Not being a car audio guy myself, I haven't a clue what "free air" means. However, literally, it means the lowest resonance the speaker produces while literally hanging by a "string" with no baffle board.
A baffle is needed to separate the front of the speaker cone from the rear. A speaker is a piston that moves air. However, without separating front from rear, frequencies from both combine, canceling and comb filtering - in other words, sound like crap. The baffle eliminates most of that problem.
If you can picture positive pressure from the front of the speaker, and negative pressure from the back, that is what the baffle separates. Perfect airtight seals aren't required for good bass response however. The worst problem in a car is rattling and/or whistling...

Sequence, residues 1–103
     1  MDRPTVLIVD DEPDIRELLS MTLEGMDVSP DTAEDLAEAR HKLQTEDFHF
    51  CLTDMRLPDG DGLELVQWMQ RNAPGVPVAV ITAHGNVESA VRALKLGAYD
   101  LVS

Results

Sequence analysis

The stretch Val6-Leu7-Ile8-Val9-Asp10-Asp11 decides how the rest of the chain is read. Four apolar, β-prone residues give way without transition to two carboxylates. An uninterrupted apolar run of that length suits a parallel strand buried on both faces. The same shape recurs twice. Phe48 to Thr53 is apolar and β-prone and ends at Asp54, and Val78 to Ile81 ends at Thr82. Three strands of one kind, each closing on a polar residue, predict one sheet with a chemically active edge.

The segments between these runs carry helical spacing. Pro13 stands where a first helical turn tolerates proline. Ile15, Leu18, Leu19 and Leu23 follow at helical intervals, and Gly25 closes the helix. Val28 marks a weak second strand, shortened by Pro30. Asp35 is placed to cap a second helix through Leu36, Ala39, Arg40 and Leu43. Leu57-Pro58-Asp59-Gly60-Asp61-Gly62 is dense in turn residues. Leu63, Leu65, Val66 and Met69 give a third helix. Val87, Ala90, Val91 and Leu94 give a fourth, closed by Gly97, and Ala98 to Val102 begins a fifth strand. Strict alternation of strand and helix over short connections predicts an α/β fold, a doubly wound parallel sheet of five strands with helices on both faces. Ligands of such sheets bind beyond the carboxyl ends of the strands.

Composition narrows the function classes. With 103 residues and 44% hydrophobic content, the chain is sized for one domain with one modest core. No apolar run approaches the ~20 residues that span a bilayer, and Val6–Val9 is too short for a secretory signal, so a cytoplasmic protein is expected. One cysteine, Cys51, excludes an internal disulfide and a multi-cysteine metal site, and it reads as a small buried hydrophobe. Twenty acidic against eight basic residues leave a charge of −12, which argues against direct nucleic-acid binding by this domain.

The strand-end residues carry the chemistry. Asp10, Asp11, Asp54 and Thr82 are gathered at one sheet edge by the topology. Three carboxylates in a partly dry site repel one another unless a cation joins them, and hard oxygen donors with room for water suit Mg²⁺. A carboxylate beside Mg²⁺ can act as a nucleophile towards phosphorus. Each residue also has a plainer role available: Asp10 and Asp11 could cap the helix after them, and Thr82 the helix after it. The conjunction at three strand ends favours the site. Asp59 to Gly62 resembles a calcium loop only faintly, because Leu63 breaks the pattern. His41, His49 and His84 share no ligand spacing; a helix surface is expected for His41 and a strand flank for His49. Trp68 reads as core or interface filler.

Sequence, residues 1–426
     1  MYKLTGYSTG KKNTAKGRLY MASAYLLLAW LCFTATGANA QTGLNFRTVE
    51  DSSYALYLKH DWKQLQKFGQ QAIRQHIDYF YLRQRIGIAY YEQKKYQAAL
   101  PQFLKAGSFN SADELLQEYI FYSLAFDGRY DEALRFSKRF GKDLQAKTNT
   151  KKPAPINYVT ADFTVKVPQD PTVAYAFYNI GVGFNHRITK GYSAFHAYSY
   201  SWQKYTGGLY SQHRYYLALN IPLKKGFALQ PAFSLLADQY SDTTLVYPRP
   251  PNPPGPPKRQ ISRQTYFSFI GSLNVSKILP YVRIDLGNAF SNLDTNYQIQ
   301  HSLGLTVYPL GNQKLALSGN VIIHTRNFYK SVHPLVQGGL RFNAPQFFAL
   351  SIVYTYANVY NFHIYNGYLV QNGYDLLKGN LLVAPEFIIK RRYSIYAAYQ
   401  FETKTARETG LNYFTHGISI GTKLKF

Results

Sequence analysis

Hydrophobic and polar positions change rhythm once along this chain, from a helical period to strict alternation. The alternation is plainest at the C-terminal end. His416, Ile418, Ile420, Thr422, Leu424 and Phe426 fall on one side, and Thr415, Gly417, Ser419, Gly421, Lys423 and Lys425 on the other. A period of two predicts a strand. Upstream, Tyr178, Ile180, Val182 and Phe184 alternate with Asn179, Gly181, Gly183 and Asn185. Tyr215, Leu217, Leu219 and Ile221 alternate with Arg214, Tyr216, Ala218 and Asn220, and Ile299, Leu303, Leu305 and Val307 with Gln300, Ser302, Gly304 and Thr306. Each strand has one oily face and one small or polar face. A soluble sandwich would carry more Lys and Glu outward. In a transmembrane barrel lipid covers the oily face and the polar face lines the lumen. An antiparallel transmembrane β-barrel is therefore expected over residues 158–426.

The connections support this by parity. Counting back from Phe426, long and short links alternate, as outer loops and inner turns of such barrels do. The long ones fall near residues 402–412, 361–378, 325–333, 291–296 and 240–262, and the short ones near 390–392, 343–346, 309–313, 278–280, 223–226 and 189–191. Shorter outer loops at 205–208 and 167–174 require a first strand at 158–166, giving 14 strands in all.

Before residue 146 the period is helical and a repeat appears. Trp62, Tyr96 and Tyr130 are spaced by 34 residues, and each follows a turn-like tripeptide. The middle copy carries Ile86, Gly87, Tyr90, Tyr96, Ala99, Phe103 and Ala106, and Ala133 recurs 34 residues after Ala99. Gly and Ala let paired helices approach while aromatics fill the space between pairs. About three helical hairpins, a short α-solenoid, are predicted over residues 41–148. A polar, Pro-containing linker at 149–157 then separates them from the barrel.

Then there is the matter of infinite baffle (sealed, airtight cabinet), which rolls off the lows very smoothly (depending on the size of the box), and ported (folded horn) cabinet design, which is (and should be) tuned to the speaker.
As a bassist, I prefer sealed. But you get better lows (or perceived lows anyway) from the ported design. I design and build my own bass cabinets using various CAD programs. The principles are the same. Ported can be tuned for the best kick, while sealed (or nearly sealed) will provide smoother lows, and stronger mids, and is easier, lighter weight and cheaper to build. I use tuned port ed cabinets on stage...
True "free-air" speakers would be very small and tin-y sounding. So, what does the slang "free-air" really mean?
[ 02-08-2007, 06:08 AM: Message edited by: Great SScott ]